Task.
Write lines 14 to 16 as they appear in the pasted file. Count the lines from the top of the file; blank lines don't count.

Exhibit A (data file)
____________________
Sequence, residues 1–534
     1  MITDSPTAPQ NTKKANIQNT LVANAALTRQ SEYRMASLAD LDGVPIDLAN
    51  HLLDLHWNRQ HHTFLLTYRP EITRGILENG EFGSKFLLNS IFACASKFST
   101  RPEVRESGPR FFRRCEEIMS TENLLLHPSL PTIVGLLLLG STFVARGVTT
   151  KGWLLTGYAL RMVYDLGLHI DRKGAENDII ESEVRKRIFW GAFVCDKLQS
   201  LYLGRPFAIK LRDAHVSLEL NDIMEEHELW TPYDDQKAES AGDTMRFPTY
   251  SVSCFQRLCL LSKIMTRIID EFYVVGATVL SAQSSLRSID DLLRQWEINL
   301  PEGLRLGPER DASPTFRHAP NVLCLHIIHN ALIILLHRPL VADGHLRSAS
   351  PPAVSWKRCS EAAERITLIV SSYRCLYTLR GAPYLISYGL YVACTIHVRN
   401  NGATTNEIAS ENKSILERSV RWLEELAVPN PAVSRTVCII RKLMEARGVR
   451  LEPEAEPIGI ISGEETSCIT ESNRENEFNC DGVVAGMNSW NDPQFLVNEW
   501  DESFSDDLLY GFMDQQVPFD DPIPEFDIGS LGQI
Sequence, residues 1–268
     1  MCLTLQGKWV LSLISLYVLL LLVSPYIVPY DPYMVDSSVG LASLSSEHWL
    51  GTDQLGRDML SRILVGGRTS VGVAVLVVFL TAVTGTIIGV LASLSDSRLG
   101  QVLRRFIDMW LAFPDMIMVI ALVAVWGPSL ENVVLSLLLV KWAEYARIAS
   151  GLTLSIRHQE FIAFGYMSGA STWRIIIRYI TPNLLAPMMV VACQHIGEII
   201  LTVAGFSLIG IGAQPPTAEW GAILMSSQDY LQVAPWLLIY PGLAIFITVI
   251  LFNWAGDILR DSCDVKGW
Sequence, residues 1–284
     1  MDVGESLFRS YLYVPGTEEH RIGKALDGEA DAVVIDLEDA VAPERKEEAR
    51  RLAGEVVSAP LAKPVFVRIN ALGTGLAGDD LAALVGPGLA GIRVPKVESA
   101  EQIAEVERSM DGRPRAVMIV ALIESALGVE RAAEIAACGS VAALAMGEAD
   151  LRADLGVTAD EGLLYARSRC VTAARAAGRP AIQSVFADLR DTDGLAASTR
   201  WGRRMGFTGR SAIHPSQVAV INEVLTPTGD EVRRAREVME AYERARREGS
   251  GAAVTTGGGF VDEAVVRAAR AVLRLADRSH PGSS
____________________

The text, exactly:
     1  MCLTLQGKWV LSLISLYVLL LLVSPYIVPY DPYMVDSSVG LASLSSEHWL
    51  GTDQLGRDML SRILVGGRTS VGVAVLVVFL TAVTGTIIGV LASLSDSRLG
   101  QVLRRFIDMW LAFPDMIMVI ALVAVWGPSL ENVVLSLLLV KWAEYARIAS